Tuesday, August 20, 2019

Dinner is served (aka meal prepping)

(Not sewing related, unless you count the possibilities of extra hours which can then be spent sewing.)



I am NOT affiliated with anything I'm talking about here. I just stumbled upon this Meal Prepping plan and the related digital cookbooks, tried one out, liked the results very much, Instagrammed my cooked dinners, and had requests to share (both the recipes and the actual dinners! Hah!). So here I am. Sharing.

Meals above, left to right, top to bottom (which is the reverse order that I cooked them):
  • Sweet & Spicy Pineapple Chicken
  • Pork Loin in a Creamy Basil Sauce
  • Barbecue Paprika Chicken
  • Carnitas
  • White Chicken Chili
  • Cilantro Lime Chicken
  • Asian Fusion BBQ  Chicken
  • Korean Beef Tacos
  • Thai Peanut Chicken
A few words about the website where these recipes/booklets live. It's www.laurengreutman.com and the recipe booklets can be found here. Although I had not heard of her before stumbling onto the recipe booklets via another completely unrelated website, Lauren Greutman markets herself as a frugal-living, "Personal Finance Expert" and she has appeared on numerous American TV talk and morning shows and has been featured in various magazines. I say all this not because I care about all that stuff but because YOU might care and think I'm getting a kickback or affiliate fee from her. I'm not. I get nothing from this plug. I'm just sharing something I like. Like with sewing patterns, only this time, it's dinner.

The recipes/meal planning stuff Lauren sells fits into her "frugal living" lifestyle but you'll mostly see other stuff, and not these recipes, on her website pages until you start digging. I make no judgment on the financial info and associated planners, etc. she markets. I just know that I think her recipe booklets are well worth the $5.97 each they cost. And here's why.

Lauren estimates in her booklets that she spends about $150-$165 for the 20 meals. But she shops at Aldi (famously inexpensive U.S. grocery store); I don't. Her pricing is from years ago; mine is from August 2019. She also didn't include some "pantry items" (those things you usually have on hand); I had to since I had just moved and had been not keeping stocked up in anticipation of the move. Finally, she made 20 meals; I made 18, because I just didn't think I needed to crockpot-cook spaghetti and meatballs, so that was the one meal from the booklet that I didn't make or eat . I still feel spaghetti/meatballs as a crockpot meal is kind of pointless but the other meals and the methods overcome any imaginary points deductions for that one. And hey, I guess *she* likes spaghetti/meatballs in the crockpot and it's her book, so ….   :-)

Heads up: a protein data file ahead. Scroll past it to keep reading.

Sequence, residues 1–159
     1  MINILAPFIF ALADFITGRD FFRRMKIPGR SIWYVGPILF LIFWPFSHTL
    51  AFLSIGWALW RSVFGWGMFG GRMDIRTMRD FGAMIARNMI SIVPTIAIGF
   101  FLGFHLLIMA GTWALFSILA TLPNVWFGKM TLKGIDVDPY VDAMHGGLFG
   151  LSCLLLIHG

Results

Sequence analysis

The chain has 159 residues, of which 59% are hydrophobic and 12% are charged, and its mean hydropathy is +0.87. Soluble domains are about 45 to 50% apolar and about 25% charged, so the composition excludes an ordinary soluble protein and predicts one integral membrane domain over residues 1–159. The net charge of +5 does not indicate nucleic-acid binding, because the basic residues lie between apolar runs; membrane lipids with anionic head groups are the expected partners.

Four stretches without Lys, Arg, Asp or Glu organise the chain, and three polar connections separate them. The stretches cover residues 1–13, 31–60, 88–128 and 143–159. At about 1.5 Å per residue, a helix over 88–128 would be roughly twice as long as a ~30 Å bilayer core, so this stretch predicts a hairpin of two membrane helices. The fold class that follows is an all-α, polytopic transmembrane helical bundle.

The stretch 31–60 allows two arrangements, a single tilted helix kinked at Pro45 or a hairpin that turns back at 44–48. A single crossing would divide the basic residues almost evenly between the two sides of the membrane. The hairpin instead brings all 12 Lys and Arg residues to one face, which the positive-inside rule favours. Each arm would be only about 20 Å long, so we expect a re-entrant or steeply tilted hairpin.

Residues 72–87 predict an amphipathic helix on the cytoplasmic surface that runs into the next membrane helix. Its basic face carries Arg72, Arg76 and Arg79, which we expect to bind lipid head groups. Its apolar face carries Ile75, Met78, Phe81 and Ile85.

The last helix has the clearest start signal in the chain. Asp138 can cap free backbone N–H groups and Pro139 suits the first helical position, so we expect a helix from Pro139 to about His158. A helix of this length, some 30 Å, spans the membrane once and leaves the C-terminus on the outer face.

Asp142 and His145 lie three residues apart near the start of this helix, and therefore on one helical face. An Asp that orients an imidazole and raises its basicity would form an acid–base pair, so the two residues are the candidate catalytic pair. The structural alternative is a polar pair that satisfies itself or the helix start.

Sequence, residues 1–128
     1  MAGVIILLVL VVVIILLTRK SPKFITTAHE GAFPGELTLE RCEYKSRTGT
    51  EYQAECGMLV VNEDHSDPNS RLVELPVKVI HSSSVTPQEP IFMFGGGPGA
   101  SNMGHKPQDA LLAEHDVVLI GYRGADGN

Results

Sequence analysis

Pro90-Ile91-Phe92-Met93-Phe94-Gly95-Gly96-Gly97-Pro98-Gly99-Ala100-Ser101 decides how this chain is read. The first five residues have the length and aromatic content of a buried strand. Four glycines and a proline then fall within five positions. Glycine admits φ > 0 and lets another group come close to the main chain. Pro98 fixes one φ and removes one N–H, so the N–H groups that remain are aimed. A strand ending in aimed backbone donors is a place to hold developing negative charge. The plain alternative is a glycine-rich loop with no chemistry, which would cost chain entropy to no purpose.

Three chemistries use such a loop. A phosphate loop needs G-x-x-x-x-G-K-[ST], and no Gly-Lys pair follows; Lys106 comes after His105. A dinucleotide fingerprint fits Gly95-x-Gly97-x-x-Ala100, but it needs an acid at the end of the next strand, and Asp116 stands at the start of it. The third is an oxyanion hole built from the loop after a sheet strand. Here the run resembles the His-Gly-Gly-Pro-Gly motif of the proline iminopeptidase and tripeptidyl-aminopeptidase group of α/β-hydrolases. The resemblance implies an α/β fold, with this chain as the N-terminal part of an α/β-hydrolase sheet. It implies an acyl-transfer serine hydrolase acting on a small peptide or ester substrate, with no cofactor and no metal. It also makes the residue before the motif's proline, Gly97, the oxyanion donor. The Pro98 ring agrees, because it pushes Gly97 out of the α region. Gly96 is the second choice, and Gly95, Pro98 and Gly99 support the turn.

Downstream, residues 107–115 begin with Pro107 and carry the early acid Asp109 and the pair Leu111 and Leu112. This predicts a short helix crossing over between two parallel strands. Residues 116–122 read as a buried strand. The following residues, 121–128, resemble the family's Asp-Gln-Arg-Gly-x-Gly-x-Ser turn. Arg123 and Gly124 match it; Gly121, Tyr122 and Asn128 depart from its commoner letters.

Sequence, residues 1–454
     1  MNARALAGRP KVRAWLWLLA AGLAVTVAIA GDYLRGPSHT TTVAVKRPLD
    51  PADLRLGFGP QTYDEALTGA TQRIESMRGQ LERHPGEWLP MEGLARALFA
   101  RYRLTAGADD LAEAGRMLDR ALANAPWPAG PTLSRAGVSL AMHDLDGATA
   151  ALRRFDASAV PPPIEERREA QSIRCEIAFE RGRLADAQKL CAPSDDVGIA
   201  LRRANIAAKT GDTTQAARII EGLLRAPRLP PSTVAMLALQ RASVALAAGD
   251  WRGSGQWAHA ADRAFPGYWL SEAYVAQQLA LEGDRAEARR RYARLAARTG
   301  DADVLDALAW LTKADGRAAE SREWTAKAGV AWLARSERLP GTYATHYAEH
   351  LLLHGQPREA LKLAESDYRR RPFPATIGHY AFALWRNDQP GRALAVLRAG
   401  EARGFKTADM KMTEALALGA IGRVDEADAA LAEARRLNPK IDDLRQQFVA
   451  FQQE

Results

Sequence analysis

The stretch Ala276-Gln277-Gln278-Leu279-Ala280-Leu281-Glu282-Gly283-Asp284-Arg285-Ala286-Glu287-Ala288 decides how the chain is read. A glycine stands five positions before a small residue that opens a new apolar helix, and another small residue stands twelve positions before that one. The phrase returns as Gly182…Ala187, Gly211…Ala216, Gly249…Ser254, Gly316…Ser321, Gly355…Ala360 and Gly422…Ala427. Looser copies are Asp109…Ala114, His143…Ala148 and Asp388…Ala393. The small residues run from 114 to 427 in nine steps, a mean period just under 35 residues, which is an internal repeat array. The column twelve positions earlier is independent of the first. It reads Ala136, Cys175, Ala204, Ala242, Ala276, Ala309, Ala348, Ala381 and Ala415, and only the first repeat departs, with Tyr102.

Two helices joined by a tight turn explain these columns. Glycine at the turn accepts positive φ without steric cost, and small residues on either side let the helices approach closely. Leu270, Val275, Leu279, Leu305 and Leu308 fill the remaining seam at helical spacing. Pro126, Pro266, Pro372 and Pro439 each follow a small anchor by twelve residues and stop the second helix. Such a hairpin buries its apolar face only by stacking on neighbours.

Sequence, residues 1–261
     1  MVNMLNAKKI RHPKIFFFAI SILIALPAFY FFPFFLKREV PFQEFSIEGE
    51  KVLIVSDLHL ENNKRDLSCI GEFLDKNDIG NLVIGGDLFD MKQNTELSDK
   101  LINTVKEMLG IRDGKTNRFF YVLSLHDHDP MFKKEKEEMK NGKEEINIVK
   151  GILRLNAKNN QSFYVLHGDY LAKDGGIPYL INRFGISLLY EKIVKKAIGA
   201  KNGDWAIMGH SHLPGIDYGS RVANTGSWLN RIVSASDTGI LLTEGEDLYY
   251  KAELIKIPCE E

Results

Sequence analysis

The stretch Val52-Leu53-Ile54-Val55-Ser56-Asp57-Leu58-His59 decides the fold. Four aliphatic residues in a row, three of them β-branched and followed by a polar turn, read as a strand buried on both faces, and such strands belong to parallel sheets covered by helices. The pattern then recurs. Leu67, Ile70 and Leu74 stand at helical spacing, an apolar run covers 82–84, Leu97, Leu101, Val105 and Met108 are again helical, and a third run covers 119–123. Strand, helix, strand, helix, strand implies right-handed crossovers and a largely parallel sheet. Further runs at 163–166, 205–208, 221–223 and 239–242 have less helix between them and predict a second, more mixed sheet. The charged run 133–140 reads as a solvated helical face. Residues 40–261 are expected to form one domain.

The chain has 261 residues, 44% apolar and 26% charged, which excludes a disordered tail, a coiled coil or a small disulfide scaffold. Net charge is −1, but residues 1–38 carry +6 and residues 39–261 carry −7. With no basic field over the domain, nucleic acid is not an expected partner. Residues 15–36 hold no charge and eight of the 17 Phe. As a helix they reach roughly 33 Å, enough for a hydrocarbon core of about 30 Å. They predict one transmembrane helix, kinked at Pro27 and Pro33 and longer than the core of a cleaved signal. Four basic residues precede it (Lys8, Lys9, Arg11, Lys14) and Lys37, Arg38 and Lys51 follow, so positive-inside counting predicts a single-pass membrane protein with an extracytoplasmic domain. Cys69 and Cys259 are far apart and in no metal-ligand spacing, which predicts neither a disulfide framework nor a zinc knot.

I didn't track every last dime because I went to one regular grocery store and also the local farmer's market and I also bought a few other things not intended for the crockpot (drinks, toiletries, dog food, useless junk, etc.) and I wasn't doing this to save money. I spent about $220 total, so deducting for non-dinner items, that's still pretty good for 18 dinners and many take-to-work lunches. But it's not really the cost that has me sold—it's the method of putting together the meals and the daily time savings and mental space freedom from NOT needing to decide what's for dinner every night and then making it. That, to me, is nearly priceless.

The method is essentially one big assembly line of adding ingredients to freezer bags. Once I got home from the store(s), the whole process took me about 2-3 hours. But I haven't cooked a dinner from scratch since and we've been eating some delicious meals. There is some "side" prep work, such as cooking rice or noodles, or adding an ingredient or two the morning of or when it's nearly cooked, but that's it. Those "side" preps take maybe 15 minutes.

The booklets include complete shopping lists that you can re-print as needed. And they include the "one touch" assembly line cheat sheets for assembling the freezer bags. This is the genius part because you deal with each ingredient just one time and then move on to the next. You do not assemble each meal separately. Instead, you create an assembly line of freezer bags and add ingredients to the bags as you move through the cheat sheets (which are grouped into categories such as Meats, Spices, Liquids, etc. to make it even more organized and easy). When done, each bag contains a full meal (2 of each meal). And surprisingly, my kitchen wasn't even that messy once I was done. I just had to wipe down a cutting board, put away the remainder of the dry/pantry ingredients, and load the bags into my freezer. If you have helpers (spouse, partner, kids), it would go even faster than the 2-3 hours it took me alone.



Photo credit: www.laurengreutman.com

After the cheat sheets/assembly line pages, each meal has its own page with a photo and instructions specific to that meal (crock times, any "side" prep, etc.). The booklet also includes a regular (non-assembly line) recipe for each meal should you want to make it by itself at a later time.

As I write this, it's been a little over 2 weeks since I made the freezer meals (August 4) and this past Sunday we started getting into the repeats. I usually take leftovers for lunch at work and some meals have been enough for 2 nights *and* my work lunch, plus we ate out (sushi!) and opted for pizza for 2 Friday nights. I figure I'll need to go "big" grocery shopping again this coming Saturday morning and do the prepping after. So, from August 4 to August 24, I will not have thought "What's for dinner?"and instead, it will have been ready to go when I get home from work. I love that.